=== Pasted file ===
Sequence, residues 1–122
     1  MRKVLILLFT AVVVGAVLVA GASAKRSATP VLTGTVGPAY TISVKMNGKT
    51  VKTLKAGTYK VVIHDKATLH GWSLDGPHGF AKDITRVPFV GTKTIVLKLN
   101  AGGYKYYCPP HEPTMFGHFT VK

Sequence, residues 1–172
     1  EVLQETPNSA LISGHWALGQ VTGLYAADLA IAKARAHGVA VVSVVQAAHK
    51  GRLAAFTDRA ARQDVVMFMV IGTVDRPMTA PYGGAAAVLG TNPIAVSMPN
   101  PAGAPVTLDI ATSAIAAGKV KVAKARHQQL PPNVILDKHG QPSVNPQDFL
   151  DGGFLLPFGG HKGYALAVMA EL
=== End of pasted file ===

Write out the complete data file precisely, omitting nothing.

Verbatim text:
Sequence, residues 1–122
     1  MRKVLILLFT AVVVGAVLVA GASAKRSATP VLTGTVGPAY TISVKMNGKT
    51  VKTLKAGTYK VVIHDKATLH GWSLDGPHGF AKDITRVPFV GTKTIVLKLN
   101  AGGYKYYCPP HEPTMFGHFT VK

Sequence, residues 1–172
     1  EVLQETPNSA LISGHWALGQ VTGLYAADLA IAKARAHGVA VVSVVQAAHK
    51  GRLAAFTDRA ARQDVVMFMV IGTVDRPMTA PYGGAAAVLG TNPIAVSMPN
   101  PAGAPVTLDI ATSAIAAGKV KVAKARHQQL PPNVILDKHG QPSVNPQDFL
   151  DGGFLLPFGG HKGYALAVMA EL